Photographer Nannette Ricaforte on why she fights against human trafficking.
Her radiant smile is what I remember of my trip to the Philippines in 2009. It was my first trip back to my homeland after 41 years and the first time I met the girls residing at My Refuge House—a safe home providing restoration to victims rescued from sexual exploitation and slavery. Out of the six girls Mayla (name changed) was the only one who looked directly into my eyes while wearing a big smile on her face. I wondered why she was bolder than the rest of the girls who kept their gazes trained on the floor. After a few days I would learn why.
Mayla’s story: She was forced into manual labor at age 10 when her impoverished parents sent her to work for people they believed were going to be her employers. Instead, they became her captors. For six years Mayla was kept in a cage with the owners’ dog as her only companion.
Meal times consisted of slop and gruel, which was consumed in the confines of the cage. Her sleeping, defecating, and urinating also occurred within the cage. The only time she was allowed to venture outside was to perform her job duties.
It wasn’t until a neighbor saw her in the cage of her captors’ backyard and reported it to the authorities that Mayla was finally freed. She was 16 years old.
Last week, as the horrific news story unfolded about the three missing Ohio women held captive by 52-year-old Ariel Castro for 10 years, we all heard and read the neighbors’ claims of having noticed something amiss but didn’t report it. On CNN’s “Piers Morgan Live” neighbor Nina Samoylicz first claimed to have called police after seeing a naked woman in Ariel Castro’s backyard. But her sister, Faliceonna Lopez, admitted to Piers that they told their mother instead of calling the police. Their mother, Annita Lugo, failed to call in a report to the police because “she didn’t know what to do.”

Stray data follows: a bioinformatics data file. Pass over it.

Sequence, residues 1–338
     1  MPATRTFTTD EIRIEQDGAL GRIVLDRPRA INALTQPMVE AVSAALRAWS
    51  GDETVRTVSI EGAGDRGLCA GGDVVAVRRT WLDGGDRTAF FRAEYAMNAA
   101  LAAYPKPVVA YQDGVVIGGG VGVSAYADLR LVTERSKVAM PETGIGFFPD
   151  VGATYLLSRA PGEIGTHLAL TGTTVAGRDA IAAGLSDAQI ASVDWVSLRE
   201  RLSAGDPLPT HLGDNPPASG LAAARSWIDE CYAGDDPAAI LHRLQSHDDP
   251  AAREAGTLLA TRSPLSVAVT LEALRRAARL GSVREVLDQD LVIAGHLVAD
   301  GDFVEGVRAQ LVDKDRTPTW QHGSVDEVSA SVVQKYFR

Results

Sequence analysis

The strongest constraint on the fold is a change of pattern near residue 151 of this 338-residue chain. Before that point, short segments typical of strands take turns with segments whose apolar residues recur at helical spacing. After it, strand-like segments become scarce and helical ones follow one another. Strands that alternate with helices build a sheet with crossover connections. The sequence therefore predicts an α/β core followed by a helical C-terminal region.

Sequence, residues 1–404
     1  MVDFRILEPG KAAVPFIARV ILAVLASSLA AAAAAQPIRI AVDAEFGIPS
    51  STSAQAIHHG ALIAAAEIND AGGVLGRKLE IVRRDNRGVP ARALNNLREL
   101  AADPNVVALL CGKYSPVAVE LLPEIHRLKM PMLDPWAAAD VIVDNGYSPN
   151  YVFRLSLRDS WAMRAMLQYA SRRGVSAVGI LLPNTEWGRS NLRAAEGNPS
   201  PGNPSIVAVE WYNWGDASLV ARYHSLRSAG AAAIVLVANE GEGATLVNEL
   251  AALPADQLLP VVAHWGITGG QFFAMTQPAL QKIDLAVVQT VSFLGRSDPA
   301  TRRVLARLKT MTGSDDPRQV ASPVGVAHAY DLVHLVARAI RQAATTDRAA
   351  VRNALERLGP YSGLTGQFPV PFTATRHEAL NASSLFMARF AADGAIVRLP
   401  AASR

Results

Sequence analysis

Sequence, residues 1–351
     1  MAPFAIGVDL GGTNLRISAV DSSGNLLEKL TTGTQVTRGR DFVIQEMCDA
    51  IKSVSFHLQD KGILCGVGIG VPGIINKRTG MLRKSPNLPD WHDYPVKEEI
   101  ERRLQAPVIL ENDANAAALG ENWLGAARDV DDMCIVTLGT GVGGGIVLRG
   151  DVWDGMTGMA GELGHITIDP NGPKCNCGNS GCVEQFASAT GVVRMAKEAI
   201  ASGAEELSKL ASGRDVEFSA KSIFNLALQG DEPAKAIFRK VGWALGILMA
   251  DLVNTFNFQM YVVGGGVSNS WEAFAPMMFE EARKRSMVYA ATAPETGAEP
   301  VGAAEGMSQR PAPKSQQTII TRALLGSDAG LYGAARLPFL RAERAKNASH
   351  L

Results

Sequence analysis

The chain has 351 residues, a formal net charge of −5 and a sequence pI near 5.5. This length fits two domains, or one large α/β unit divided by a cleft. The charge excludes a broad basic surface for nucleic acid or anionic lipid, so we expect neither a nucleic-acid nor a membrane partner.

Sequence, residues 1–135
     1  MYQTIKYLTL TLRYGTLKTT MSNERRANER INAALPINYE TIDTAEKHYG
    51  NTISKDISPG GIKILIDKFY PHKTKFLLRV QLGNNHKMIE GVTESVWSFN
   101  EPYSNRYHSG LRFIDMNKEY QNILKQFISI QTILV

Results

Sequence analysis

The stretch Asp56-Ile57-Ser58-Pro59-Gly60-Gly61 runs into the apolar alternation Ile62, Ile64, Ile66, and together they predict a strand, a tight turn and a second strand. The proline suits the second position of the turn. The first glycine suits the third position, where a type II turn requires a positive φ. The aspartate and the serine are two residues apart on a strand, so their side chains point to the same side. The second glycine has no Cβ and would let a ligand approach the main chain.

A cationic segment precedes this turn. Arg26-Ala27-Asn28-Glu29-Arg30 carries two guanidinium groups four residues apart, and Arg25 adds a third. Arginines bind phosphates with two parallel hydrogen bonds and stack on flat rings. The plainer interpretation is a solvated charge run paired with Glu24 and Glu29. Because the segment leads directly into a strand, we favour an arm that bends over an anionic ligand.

Meanwhile, Cleveland police issued a statement denying calls were ever made to alert them of suspicious activity in the Castro home. From my vantage point—watching the news on television or reading articles online—the disturbing apathy of authorities and the neighbors’ failure in reporting something amiss leaves in question whether the decade long captivity of Michelle Knight, Amanda Berry, and Gina DeJesus could have been prevented. There were neighbors who didn’t notice suspicious activity but the ones who did and failed to act reminded me of the apathy I receive from people when I speak to them about my reasons for fighting against human trafficking. The blank stares, the shrugs, the “you’re fighting a losing battle” response, are reactions I’ve encountered numerous times in my volunteer work with My Refuge House.
What differentiates the Cleveland neighbors from the one who was instrumental in Mayla’s freedom?
He chose to do something despite the fear of retaliation or potential disbelief from authorities. He noticed something amiss and acted upon it. He made a decision to care even when he didn’t know what to do. He didn’t look the other way hoping someone else would take responsibility in reporting the neighbors’ suspicious activity.
Apathy shouldn’t dictate our waking moments that we fail to notice a tragic truth living next door to us. We can make a difference in our communities by choosing to care and take action. By doing so we can save a life, restoring them so that they can boldly hold their head high wearing a bright smile on their face.
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Image credit: Kamila Gornia/Flickr